Published on 4. June 2013 by Johannes Huefken

Last week the keyboard was drilled with the frame. Now we'll get back to the blackboard.

  1. The slotted sleeves
  2. Drawing a keyboard picture on the board
  3. keypads
  4. Gluing on the key coverings
Board with glued-in slotted sleeves

1. the slotted sleeves

While the key is being played, it rotates around the pin that is driven into the balance beam. There is a hole on the bottom that is exactly the same diameter as the beam pin. A 10mm hole is drilled from above towards this small hole, only so far that the small hole is only 2-3mm deep. This small oblong hole sleeve is now glued into the top side. Of course, the slot must be aligned along the key in the direction of movement. This way the key is well guided, but it is not stuck in the wood. The rear guide is first drilled out completely with 10mm and then also provided with an oblong hole sleeve.

Finished key guide on the balance beam

2. draw keyboard picture on the board

The key pad for the bottom keys should be glued to the spruce panel as an ebony board. The keyboard picture must be drawn on the board so that there are no joints on the keyboard surface. Then the ebony will be put together between the keys.



3. key coverings

There are many types of wood that can be used as a key pad. Because I could not introduce all of them, I would like to start by explaining the requirements for the key pad.


  1.  It must be within easy reach. Even more than the upper keys, the lower keys are also used with the fingernails.
  2. It should have fine pores so that neither germs nor dust particles can collect in it.
  3. It should be wood, which by nature has no crystal inclusions like merbau. Because the normal craft business does not always work with diamond saws - and mill with which such wood can only be processed.
  4. They should be decorative. The key pad forms the connection to the player regardless of whether you choose a simple or an extravagant keyboard picture.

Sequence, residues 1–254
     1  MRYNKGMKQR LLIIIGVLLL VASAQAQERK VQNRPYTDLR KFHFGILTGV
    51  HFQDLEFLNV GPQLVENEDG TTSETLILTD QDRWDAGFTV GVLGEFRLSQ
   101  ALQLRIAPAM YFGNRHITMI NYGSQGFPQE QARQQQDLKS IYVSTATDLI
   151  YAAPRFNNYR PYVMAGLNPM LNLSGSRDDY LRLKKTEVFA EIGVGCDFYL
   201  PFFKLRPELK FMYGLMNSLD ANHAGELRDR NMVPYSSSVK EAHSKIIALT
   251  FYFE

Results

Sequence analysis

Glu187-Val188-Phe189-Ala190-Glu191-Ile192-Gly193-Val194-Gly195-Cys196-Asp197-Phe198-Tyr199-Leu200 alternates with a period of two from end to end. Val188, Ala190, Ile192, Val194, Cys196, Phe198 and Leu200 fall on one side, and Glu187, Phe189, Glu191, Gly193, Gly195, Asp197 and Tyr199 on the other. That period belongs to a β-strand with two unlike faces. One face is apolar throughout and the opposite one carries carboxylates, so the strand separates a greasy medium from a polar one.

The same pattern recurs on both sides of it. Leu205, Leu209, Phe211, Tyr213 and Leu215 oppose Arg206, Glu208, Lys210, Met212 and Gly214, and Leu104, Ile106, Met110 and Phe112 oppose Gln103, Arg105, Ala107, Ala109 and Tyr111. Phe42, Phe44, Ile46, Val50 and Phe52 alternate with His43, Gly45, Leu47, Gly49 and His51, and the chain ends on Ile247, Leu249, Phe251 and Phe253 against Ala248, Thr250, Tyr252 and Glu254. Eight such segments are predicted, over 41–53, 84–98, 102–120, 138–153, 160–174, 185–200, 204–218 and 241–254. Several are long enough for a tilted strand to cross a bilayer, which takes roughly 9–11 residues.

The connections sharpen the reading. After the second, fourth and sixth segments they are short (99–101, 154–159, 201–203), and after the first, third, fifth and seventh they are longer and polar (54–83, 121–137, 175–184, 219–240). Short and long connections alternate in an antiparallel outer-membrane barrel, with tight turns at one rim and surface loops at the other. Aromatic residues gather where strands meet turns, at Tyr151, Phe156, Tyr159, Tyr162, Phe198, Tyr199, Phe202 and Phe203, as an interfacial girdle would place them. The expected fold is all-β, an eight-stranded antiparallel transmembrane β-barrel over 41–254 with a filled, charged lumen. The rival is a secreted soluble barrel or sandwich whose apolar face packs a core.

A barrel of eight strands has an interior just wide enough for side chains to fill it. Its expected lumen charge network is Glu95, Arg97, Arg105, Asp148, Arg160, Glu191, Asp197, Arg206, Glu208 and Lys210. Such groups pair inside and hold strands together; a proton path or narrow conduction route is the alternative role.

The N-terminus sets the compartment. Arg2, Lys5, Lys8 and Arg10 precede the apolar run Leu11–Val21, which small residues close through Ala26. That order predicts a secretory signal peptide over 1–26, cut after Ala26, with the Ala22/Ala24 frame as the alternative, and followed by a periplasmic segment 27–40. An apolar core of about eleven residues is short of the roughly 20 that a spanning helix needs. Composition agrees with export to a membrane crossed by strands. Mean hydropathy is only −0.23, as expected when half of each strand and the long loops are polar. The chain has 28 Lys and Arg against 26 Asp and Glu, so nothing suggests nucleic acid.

5. Even hard and fine-pored wood tends to look dirty after a while when it is very light, e.g. hornbeam.

Ebony, boxwood, rosewood, amarello, cocobolo, lilac, pear, elderberry, paduk

Roughening the bottom key pad

4. glueing on the key coverings


When the footswitch panel is assembled, it must be roughened. Tropical wood species in particular can contain oily substances that reduce durable gluing. The rough surface favours a stable lending due to the positive fit. Modern glues can also be used for gluing these types of wood. In addition to polyurethane glue, there are also solvent-based glues that bond oily wood very well.


Wet both sides with a little glue and then press with the appropriate pressure.

Too much glue has disadvantages:


  • A thick glue joint never holds as good as a thin one.
  • Glue squeezes out and must be cleaned.
  • The objects to be glued tend to slip during pressing
Gluing on the bottom key coverings
In order to work economically, the bottom keyboards of the organ keyboard were glued on at the same time.


But there is also an advantage to "too much glue": the sight of the glue bulging out gives the certain feeling that you have used enough glue.

In the next article, among other things, the keys are sawn out. Until then the glue may harden, and we bring the band saw blade of our band saw once again to the sharpening service...